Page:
In "How Buildings Learn," Stewart Brand wrote that “Buildings keep being pushed around by three irresistible forces — technology, money, and fashion.” Right now, technology is doing a whole lot of serious pushing, as so-called smart technologies are being developed by all kinds of companies. Most of the ones we have discussed are add-ons that you can buy to control your lights or adjust your air vents; parts of your house that you can get to without ripping out walls. That’s because most of our houses and buildings were built by people who didn’t care about how buildings learn. 

All of the technological changes were are going through now would be a whole lot easier to manage if people had worried about this a few years ago. Why? Because our buildings are not easily adaptable. Even though a structure might last hundreds of years, the services inside might last 15 to 30 years. Now things are changing so fast that electrical and plumbing might be obsolete in three to five years. Everything is stuck behind drywall and inaccessible unless you gut the house, and all of our new smart home gadgetry has to connect by WiFi or radio or through the power lines. It’s all a kludge. 

Back in 1994, Vermont builder Tedd Benson of Bensonwood started playing with what he called his Open-Built system, building on the work of book author Brand and John Habraken. In 2006, Benson worked with MIT to develop the OPEN Prototype Initiative with the goal of building adaptability and flexibility into the home. He has kept at it, implementing it in his Unity Homes line, but it certainly hasn't gone mainstream. However, things are changing fast now, and it's time for home buyers and the industry to have another look.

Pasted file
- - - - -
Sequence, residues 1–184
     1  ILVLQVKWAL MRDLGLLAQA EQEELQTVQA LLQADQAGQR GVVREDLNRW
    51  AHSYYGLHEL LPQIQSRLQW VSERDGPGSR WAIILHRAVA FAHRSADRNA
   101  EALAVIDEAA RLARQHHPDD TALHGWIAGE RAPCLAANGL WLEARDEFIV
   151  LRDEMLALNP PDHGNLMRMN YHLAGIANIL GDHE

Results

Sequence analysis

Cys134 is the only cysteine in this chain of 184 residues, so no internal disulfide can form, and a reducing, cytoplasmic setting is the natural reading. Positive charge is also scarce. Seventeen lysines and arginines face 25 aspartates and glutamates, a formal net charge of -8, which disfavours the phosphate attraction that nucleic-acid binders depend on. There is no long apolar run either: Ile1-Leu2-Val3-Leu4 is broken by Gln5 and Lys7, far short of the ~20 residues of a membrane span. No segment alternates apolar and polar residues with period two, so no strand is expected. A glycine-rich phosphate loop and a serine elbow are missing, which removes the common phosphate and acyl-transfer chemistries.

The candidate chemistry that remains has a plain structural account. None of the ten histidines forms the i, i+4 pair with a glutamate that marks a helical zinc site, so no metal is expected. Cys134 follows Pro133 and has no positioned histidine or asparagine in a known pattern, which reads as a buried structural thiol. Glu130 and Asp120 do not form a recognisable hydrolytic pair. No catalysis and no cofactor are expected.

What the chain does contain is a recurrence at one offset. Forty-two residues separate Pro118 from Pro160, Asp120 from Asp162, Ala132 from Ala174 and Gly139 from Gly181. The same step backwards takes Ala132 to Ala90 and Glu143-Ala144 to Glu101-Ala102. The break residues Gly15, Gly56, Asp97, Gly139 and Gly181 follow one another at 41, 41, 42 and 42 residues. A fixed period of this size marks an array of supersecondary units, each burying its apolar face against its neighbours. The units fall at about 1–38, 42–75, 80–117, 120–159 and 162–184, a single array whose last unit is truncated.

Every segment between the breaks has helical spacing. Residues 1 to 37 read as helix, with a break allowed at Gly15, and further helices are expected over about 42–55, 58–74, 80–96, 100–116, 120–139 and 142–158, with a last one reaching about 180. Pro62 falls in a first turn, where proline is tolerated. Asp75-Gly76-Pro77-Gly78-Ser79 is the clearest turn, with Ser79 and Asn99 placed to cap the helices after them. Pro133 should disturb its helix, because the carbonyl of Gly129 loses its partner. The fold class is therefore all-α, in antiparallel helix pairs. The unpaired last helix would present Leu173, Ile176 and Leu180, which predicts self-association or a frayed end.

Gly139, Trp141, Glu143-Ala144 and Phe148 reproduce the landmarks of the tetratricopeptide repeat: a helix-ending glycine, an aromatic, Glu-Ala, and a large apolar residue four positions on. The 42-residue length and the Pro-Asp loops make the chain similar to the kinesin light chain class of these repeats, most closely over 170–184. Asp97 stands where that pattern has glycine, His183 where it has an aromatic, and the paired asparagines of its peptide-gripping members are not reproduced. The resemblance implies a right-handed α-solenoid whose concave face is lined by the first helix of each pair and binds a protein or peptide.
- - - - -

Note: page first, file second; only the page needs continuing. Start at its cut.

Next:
Open-Built design takes into account that systems change. Benson tells Ecobuilding Pulse:

The simple act of disentangling the wiring from the structure and insulation layer allows you to upgrade, change, or replace a 20-year-lifespan electrical system when new technology arises without affecting a 300-year structure. Open Building provides a more rational form of design and construction that supports long-term sustainability for buildings with increased shell longevity, and more control and flexibility for the homeowner.
The advent of the Smart Home means that there is going to be pace of change like we have never seen before. The change in climate and pervasive droughts that we are seeing in the West mean that we are going to have to disentangle our plumbing systems and separate waste streams as well as recover heat; it could mean changes in electrical systems, possibly to direct current or multiple systems. 


Change? We're not afraid of change. (Photo: Bensonwood)

In a house designed around Open-Built principles, the layers are separated, with each defined by its life span and need for future alteration. So electrical wiring is not inside the insulation, but perhaps behind the baseboards or in a space between the drywall and the insulation. In Benson’s possibly extreme case, ceilings are all removable so that you can get at mechanical and electrical systems without busting drywall. Plumbing is gathered in big accessible chases, so that changes can be made. Because as Brand noted, it happens because of technology, money and fashion. Benson notes:

We can’t predict what people will need and want in their living environment. Open Building principles respond to occupants’ changing needs rather than force the occupants to conform to a preconceived design.
Our needs are going to be changing at a much faster rate in the next few years; it’s time we built our homes so that they can adapt. 

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Lloyd Alter ( @lloydalter ) writes about smart (and dumb) tech with a side of design and a dash of boomer angst.